3 organizational designers explain how to beat the failure bias
And anything that challenges the tried-and-true is going to face serious resistance.Nowhere is this more true than when you try to change the way people work. In fact, a 2008 survey of 3,200 executives around the world found that only one workplace transformation in three was successful.
In other words, we’re stubborn. But change is an integral part of growth—both for individuals and companies. And the only thing that’s guaranteed to happen if you stand still for too long is that you’ll be left in the dust.
So how do we beat the odds and stay relevant, adaptable, and open to change?
To find out, we spoke with 3 organizational designers who have brought meaningful change to companies like Salesforce, Microsoft, GE, and AirBnB.
Why change is so hard (for all of us)
Changing your mind, building new habits, and breaking routines takes energy. Yet our brain is hardwired to try to conserve energy at all costs. So it’s no wonder we’ve developed all these mental biases that influence our behaviors and make us shy away from opportunities—even if we know they’re good for us in the long-term.First, there’s a phenomenon called loss aversion. Discovered by renowned psychologist Daniel Kahneman, loss aversion explains our tendency to keep what we have rather than gain something equivalent.For example, studies have found that people who lose $100 will lose more satisfaction than another person will gain satisfaction from receiving $100. We value what we have more than what we could have.Next, studies have found that we have a failure bias wired into our brains. In a series of studies published by the University of Chicago, researchers found that:“We assume failure is a more likely outcome than success, and, as a result, we wrongly treat successful outcomes as flukes and bad results as irrefutable proof that change is difficult.”Not only are we averse to losing what we currently have, but we assume even if change is successful that it was a fluke. So why bother?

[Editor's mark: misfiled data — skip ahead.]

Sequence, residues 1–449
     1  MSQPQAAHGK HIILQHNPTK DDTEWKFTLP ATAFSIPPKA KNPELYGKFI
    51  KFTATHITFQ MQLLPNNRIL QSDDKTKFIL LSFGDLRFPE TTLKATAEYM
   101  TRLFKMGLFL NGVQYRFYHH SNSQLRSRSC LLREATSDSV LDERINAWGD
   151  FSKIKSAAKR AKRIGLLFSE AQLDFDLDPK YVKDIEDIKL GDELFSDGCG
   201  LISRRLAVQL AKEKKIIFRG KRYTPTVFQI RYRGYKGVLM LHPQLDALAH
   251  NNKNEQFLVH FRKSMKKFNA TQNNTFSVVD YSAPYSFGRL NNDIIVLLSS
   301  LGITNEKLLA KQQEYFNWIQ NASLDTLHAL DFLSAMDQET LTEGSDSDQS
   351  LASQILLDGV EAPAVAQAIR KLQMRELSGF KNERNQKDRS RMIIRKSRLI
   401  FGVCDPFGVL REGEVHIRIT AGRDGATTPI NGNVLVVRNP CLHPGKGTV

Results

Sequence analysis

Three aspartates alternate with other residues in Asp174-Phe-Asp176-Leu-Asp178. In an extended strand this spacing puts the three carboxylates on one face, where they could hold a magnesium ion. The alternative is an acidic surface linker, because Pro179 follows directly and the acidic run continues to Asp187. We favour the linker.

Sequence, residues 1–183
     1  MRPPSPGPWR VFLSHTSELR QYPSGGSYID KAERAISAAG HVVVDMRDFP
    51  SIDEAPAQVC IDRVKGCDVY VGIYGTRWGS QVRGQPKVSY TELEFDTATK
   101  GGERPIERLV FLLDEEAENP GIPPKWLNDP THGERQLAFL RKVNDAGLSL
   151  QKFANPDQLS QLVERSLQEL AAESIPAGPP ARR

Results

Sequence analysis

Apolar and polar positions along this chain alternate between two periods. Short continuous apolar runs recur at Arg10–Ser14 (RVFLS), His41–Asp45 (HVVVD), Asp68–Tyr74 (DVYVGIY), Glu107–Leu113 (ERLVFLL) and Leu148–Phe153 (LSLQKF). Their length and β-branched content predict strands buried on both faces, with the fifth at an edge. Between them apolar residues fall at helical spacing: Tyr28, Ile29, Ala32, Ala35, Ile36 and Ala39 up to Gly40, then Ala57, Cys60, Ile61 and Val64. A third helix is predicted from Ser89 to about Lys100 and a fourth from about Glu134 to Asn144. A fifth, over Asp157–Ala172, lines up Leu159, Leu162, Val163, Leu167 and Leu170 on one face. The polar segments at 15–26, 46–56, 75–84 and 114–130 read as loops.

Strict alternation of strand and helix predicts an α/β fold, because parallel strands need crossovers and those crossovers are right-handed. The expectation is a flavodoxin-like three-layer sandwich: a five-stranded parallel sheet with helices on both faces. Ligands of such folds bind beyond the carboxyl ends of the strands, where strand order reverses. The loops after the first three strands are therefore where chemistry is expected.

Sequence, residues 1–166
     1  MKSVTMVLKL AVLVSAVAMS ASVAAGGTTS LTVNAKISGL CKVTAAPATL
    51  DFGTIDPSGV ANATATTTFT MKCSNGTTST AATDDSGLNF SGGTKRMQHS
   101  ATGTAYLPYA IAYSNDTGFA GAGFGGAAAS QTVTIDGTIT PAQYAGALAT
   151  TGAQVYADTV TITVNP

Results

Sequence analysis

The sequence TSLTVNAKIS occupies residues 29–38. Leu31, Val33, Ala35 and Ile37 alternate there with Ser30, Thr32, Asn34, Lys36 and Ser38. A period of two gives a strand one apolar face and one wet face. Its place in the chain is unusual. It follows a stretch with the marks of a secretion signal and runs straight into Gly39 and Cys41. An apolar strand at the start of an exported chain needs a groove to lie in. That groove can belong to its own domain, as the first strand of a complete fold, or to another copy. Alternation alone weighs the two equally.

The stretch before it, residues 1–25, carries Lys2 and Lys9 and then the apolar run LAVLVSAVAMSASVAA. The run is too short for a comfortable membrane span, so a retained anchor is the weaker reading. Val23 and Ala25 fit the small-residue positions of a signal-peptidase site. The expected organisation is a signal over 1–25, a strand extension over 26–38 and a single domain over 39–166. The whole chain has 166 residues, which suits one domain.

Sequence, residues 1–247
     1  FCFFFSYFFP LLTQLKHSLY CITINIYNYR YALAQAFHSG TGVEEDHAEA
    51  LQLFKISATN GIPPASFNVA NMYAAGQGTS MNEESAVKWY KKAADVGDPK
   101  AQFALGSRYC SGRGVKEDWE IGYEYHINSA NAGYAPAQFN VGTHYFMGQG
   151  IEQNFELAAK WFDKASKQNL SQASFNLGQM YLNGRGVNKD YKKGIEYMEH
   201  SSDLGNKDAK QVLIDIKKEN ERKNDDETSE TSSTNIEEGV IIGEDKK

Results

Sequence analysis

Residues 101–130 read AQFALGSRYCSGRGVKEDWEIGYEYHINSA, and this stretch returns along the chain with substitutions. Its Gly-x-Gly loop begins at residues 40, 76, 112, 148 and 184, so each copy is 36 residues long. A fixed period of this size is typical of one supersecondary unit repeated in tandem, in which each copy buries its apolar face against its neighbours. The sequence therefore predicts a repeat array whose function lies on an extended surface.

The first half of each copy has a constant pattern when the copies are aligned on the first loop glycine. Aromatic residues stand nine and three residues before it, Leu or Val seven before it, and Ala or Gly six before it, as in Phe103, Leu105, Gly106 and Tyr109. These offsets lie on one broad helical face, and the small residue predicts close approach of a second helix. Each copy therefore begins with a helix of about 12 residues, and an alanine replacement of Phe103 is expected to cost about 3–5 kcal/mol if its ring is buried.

In a company, the failure bias is especially strong
Now, let’s take those two ideas and look at them in a company setting.First off, the loss aversion you face at work isn’t just something like $100. It’s your job. The thing that supplies you with basic human needs like safety and security. Risking that for a slightly more productive work environment doesn’t seem like a good gamble for our brains.And then there’s the failure bias. Think back to the last time someone tried to implement a new process, tool, or structure to your team. More than likely you saw it as a nuisance. You’re busy as it is. And this is just adding to your stress.So what did you do? If you’re like most people, the second that initiative got behind schedule or didn’t work out exactly as promised, you disengaged from it.We all work better when we know where our time is going.